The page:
Maria Roat: ‘Rollercoaster ride’ of 2020 provides CIOs opportunity to modernize more in 2021

"As I look over the next year, these changes really give us opportunities to continue to innovate and challenge the norms and status quo," said Deputy Federal CIO Maria Roat.
Maria Roat at the 2017 Public Sector Innovation Summit. (FedScoop)

After experiencing the “rollercoaster ride” that’s been 2020, the federal government is focused on continuing to “challenge the status quo” and “thriving” using digital technology to serve citizen and mission needs in the next year, said Maria Roat, deputy Federal CIO.

CIOs were successful in rapidly moving to cloud-enabled telework environments when the COVID-19 pandemic hit, often moving nimbly to break down bureaucratic barriers for their emergency response and continuity of operations. And in doing so, they showed the modernization potential within the government that agencies must look to sustain and build upon next year,  Roat said last week at ACT-IAC’s virtual ELC conference when asked about priorities for the coming year.

“The federal government has to continue to really thrive as it’s using advanced digital technology to make sure that we’re communicating with the public and that we’re interacting with service providers, that we’re leveraging all the technologies there,” Roat said. “And as I look over the next year, these changes really give us opportunities to continue to innovate and challenge the norms and status quo. We did this this year — we cut through the bureaucracy. And I think the opportunity is there to continue to really challenge this normal status quo and breakthrough a lot of the noise and the red tape and really get it out of the way.”

Doing so, however, will take some more tough work, particularly in identifying which legacy tools and technologies should stick around and be moved into modernized environments, and which ones should go.


“This is doubling down on our application rationalization, as well as our legacy systems that are holding agencies back from using the new technologies,” Roat said. “So even through the pandemic, we put up new webpages, but there were APIs that were hooking back to systems that were 10, 15, 20-years-old. And some of those were single-threaded processes — old stuff. And I think at some point, we have to double down on all of those legacy systems and the application rationalization even as we’re moving forward on other fronts, we have got to get rid of and modernize those applications.”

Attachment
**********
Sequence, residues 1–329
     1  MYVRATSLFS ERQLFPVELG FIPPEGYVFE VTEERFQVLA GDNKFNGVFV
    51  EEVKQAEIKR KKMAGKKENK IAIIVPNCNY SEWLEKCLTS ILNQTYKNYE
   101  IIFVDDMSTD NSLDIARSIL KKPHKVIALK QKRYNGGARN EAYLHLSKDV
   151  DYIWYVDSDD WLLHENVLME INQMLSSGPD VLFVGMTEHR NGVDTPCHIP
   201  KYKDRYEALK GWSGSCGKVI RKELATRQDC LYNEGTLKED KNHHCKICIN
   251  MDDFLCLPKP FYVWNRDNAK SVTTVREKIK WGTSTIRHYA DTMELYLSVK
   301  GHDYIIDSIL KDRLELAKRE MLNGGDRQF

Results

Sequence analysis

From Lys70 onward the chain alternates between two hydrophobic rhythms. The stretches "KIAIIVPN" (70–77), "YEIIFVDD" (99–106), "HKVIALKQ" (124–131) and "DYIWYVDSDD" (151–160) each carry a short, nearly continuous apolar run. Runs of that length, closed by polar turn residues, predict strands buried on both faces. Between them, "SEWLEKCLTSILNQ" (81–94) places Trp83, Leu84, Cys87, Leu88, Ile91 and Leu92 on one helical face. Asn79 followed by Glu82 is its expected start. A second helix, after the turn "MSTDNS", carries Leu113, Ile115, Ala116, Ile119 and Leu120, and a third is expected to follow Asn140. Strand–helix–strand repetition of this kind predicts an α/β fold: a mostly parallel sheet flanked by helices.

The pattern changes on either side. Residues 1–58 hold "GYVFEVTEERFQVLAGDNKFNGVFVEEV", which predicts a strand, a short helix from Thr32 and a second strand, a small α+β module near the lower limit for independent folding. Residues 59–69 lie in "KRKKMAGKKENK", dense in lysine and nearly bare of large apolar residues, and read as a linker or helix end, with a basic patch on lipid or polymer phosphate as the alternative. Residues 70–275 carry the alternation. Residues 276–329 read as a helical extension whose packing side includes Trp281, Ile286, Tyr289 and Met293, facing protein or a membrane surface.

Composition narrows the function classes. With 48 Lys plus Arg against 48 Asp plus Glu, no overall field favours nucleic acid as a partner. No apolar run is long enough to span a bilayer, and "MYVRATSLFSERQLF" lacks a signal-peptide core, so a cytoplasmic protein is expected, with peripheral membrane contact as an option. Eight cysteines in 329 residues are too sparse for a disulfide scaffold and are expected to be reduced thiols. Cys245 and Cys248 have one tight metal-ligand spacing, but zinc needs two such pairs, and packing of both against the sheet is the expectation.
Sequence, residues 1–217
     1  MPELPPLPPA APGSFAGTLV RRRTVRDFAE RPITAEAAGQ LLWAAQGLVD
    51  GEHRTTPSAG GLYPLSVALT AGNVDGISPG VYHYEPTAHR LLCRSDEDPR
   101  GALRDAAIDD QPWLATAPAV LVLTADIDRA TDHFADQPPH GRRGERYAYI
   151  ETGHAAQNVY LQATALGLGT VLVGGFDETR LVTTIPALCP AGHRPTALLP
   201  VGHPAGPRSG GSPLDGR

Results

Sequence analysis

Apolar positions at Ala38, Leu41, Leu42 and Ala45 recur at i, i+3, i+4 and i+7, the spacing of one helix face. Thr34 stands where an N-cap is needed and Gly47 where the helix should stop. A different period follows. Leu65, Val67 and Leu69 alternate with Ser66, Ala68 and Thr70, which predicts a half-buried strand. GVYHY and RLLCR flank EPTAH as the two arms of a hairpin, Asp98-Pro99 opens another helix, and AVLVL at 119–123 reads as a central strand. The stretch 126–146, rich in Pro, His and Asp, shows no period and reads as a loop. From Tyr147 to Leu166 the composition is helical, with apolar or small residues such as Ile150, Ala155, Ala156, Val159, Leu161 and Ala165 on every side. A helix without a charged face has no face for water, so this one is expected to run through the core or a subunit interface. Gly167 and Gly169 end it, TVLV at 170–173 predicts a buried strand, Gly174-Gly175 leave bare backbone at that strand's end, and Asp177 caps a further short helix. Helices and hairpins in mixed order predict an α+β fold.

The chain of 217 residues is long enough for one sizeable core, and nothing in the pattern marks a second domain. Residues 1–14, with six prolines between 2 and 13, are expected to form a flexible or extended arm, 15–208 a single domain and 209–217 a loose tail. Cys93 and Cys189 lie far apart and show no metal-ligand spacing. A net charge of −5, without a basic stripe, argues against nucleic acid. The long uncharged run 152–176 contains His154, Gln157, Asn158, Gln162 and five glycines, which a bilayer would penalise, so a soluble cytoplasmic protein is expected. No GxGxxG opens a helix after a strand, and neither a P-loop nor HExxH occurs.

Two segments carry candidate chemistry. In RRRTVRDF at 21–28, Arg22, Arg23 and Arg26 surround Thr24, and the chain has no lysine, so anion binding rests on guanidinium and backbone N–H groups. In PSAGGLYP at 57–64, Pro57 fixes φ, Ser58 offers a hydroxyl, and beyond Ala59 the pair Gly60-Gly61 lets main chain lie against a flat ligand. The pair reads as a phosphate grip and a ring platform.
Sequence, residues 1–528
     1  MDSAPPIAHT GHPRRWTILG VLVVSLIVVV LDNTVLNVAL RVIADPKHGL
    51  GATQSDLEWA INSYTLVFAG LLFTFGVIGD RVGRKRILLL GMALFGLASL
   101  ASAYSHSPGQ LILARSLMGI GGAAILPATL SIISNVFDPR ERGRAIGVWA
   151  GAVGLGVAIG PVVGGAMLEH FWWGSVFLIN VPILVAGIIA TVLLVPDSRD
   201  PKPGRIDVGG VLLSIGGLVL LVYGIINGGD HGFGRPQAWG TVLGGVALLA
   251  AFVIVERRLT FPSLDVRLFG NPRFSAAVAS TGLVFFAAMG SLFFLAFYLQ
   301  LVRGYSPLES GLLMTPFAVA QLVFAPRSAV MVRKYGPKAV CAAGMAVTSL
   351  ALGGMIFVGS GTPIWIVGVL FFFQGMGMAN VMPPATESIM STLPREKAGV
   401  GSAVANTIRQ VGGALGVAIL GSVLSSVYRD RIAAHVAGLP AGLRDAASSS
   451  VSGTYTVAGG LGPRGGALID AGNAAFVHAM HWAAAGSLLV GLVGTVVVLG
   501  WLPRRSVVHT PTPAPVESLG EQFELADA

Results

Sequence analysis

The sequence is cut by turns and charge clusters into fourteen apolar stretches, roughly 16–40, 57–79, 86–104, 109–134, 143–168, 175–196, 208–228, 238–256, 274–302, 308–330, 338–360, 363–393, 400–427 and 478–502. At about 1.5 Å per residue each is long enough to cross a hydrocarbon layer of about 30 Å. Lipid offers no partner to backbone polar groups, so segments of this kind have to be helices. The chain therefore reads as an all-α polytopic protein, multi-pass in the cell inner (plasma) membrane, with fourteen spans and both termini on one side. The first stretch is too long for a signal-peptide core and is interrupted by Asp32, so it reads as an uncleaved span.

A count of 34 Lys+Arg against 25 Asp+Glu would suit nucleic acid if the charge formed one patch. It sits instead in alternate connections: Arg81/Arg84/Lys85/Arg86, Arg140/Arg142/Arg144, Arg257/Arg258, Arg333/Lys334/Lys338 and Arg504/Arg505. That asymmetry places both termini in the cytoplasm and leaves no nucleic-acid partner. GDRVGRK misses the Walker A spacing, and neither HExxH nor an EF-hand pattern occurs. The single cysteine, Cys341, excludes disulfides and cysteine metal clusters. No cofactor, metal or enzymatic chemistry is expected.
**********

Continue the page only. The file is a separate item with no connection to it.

On a personal front, Roat said she’s most excited in 2021 at the opportunity to address the entirety of the federal government as a single entity and build better processes for how agencies work together in an interconnected way to support one another.

“I am most excited to really get to see more of that as we move forward over the next few years,” Roat said. “So that enterprise model, whether it’s collaboration, data sharing across the entire federal government, and really looking at those systems of systems across the federal government, and how we interact with each other. Can we get some of those barriers out of the way?”

The answer to that final question, she believes: “It’s not tech — it’s policy and guidance and those kinds of things.

Billy Mitchell

Written by Billy Mitchell

Billy Mitchell is Senior Vice President and Executive Editor of Scoop News Group's editorial brands. He oversees operations, strategy and growth of SNG's award-winning tech publications, FedScoop, StateScoop, CyberScoop, EdScoop and DefenseScoop. After earning his journalism degree at Virginia Tech and winning the school's Excellence in Print Journalism award, Billy received his master's degree from New York University in magazine writing while interning at publications like Rolling Stone.

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